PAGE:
Dad the Determined Debugger

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From Coders at Work, a conversation between Peter Seibel (the author/editor) and Dan Ingalls (physicist, builder of Smalltalk and Lively Kernel:

Seibel: Is there anything I haven't asked about that you thought I might?

Ingalls: Often, reading about famous people, the side of it that I'm interested in is, how do they make their life work? All the things that weren't their passion, and how did they deal with that, and with their family, and with their finances, and balancing that. Or did they just hole up and say, "To hell with everything else," and just let it come crumbling down until they had their work done?

Um, yeah? I'm trying to glance at this paragraph in between requests for more milk and making coffee and get the dog water and eating a muffin, and it is exactly what I wanted to know too. I felt like when Paul McCartney found the meaning of life on an acid trip and wrote it down on a napkin and anxiously opened it up the next day, waiting to read what it said sober...revelation on the back side of a paper napkin.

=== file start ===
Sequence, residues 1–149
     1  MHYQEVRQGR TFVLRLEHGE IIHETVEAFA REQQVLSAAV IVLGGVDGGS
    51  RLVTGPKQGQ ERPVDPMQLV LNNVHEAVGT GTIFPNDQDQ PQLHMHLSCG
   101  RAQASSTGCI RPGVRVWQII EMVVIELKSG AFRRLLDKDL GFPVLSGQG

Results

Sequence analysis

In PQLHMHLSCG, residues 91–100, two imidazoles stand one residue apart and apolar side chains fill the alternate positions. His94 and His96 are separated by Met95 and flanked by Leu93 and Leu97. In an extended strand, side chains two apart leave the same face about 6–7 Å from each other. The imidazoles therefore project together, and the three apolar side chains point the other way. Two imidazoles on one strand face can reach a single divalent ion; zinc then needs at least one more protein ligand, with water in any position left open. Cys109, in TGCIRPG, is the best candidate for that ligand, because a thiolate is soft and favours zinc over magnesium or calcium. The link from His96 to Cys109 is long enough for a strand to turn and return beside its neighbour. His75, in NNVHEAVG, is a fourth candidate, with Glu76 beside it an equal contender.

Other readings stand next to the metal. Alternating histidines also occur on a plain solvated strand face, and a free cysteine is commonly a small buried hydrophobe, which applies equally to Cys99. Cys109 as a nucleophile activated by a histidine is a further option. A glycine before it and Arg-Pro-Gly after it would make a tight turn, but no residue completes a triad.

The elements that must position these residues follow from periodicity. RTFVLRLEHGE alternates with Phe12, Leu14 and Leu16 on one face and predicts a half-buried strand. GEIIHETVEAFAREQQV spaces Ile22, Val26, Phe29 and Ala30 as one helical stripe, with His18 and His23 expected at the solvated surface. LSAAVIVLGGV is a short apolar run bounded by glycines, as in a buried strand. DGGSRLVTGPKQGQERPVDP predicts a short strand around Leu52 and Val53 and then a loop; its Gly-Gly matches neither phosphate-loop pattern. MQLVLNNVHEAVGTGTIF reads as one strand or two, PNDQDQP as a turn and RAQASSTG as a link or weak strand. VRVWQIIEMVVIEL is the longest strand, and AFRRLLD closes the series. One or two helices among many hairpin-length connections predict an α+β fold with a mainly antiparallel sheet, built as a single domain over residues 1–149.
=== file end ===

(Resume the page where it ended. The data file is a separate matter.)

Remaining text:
Seibel: Do you feel like there were times in your life where your passion for programming ran amok to the detriment of other parts of your life?

Ingalls: Yeah, there are times when it's been hard on others because I'm focused and need to stay focused. It's a risk with anybody who's got a passion for what they're doing. I think either you learn to moderate it somewhat or the other thing you do is communicate it so that everybody around you knows that you're dealing with this thing, and you'll probably be done in a week, but until the Daddy's somewhat inaccessible. /p>

Seibel: And then you win your "Dad the Determined Debugger" award.

Ingalls: Exactly; right. The other thing is, the more you can reflect the satisfaction from progress back out to all the people who have dealt with you during that time, at least they have a sense that Daddy's doing something good, and we'll all be happy when it's done.

Ok, not the meaning of life, or Liff. Still it's good to hear even master coders have this struggle - and not all of them actually solve it. This book is exactly what I needed right now.

Postscript: oh, you still want to know what was on Paul's napkin? "There are seven levels." :)

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This page contains a single entry by Doug Treder published on October 3, 2009 6:31 PM.

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